Do you want to know one of the easiest ways to begin making your home more accessible?

P.S. It’s also one of the most inexpensive.

Change your door and cabinet hardware (handles). It’s as simple as that.

The hardware on your doors is an important element in the overall style and look of your home, so it’s important to keep that in mind when making your selection.

But equally important to consider is that the right hardware will also determine the accessibility of your cabinets and doors.


No more knobs

The number one thing to remember? Don’t consider using knobs. Not even for a second. Never install knobs on kitchen or bathroom cabinets, interior or exterior doors, or even closet doors. They require a level of dexterity and strength that not everybody has.


Lever handles

  • Install them on all your interior doors, including closet doors.
  • The lever style is especially important for your front door. The traditional front door handle is a handle-set with a thumb-press but these are more difficult for some people to operate.
  • The lever is easy to use by people who have difficulties gripping, twisting, turning, or even opening their hands up. Just by pressing down on the lever the door will open. They are great when you have an armload of groceries too.

    Handle with return

    Tip: The longer the lever, the easier it is to open.

  • The lever handle with a return, like the Argos lever by Emtek (see image), is safer as it will be less likely to catch on a sleeve or purse strap.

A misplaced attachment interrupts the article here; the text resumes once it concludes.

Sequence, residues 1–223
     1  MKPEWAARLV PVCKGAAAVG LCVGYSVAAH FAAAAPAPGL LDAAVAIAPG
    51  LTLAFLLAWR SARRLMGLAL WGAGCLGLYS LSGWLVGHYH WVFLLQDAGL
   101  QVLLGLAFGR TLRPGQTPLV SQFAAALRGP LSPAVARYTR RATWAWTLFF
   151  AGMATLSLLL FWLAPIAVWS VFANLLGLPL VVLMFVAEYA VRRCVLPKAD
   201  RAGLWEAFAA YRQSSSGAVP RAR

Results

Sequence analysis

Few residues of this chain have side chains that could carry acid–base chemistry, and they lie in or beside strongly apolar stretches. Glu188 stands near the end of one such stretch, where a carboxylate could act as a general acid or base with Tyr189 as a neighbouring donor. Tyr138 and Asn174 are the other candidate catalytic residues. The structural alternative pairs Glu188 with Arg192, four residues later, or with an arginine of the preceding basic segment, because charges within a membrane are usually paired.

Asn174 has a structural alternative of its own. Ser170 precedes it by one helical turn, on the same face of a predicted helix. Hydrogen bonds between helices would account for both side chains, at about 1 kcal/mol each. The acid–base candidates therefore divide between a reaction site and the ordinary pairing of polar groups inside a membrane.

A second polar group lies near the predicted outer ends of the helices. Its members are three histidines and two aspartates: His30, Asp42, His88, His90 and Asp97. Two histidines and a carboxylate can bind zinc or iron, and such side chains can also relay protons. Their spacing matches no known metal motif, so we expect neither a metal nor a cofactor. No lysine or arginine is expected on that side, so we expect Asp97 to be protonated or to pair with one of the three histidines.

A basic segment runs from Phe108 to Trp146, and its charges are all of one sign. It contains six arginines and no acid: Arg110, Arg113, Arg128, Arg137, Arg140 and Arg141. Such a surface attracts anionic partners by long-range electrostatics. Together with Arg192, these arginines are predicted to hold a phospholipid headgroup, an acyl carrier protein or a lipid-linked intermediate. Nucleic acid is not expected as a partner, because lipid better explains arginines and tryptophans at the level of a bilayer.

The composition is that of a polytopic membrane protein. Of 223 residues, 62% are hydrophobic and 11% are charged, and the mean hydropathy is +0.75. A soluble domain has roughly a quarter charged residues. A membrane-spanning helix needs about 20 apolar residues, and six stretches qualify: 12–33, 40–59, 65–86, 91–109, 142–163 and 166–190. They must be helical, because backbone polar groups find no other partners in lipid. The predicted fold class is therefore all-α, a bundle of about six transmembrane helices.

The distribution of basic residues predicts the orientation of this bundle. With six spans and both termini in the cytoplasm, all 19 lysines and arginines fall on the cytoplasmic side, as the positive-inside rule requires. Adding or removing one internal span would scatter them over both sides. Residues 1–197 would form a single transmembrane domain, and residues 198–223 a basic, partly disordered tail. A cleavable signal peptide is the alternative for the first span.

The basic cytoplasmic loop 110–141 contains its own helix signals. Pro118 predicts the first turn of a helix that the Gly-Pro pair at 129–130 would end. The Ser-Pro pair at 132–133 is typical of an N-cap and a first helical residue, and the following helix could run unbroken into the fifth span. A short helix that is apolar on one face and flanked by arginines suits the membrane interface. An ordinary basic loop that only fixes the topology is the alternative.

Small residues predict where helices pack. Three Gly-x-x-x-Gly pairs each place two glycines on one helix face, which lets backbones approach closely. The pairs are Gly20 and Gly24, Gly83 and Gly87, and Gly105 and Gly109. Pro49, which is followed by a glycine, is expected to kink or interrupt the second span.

D-style handles

  • D-style handle

    So-called because they resemble a D shape where you would slip your hand in behind without the need for twisting or gripping.

  • These can be added to doors for a secondary and/or alternative way to close doors such as large sliding glass ones or heavy front doors.
  • Use them on kitchen and bathroom cabinets, closet doors, pocket doors, and sliding glass doors.


Bar handles

  • Bar handle

    These are similar to the D-handle but are more linear and don’t neccessarily have the D-shape.

  • They add a clean and contemporary look and you can often find the same style in various lengths to mix and match. TIP: Pay attention to their profile as they can be uncomfortable to lean against when installed on lower cabinets.
  • Use them on kitchen and bathroom cabinets, swing doors, pocket doors and closet doors.

No handles

  • The press-to-open mechanism eliminates the need for a handle.
  • They offer the ultimate clean contemporary look.
  • Easy to operate with wet or greasy hands and no crud-catching ledges to clean.
  • These are easily retrofitted to your existing cabinet doors.


Pocket door

Pocket doors

Their notoriously difficult-to-operate hardware is improving each year. You may not be able to retrofit hardware on your existing hollow-core pocket door, but for new installations look to use mortise sets for easier usability. With a little ingenuity it is possible to install a bar handle on a solid-core pocket door.  You just need to remember you need the door opening to be minimum 32in/81cm for wheelchair accessibility.


Soft-close systems

A great addition to your cabinets would be soft-close door and drawer closers. They will eliminate the annoying noise of slamming doors and may help protect glass doors from breaking. The closers are easily retrofitted to your existing cabinets or ask for them if you are ordering new cabinetry. With soft-close, doors and drawers only require a gentle push or nudge to close beautifully on their own.


Action Plan

This project could be the simplest first step toward a more accessible home.

Can you see where you could make things easier on yourself by change a few handles?


Read more about accessible doors.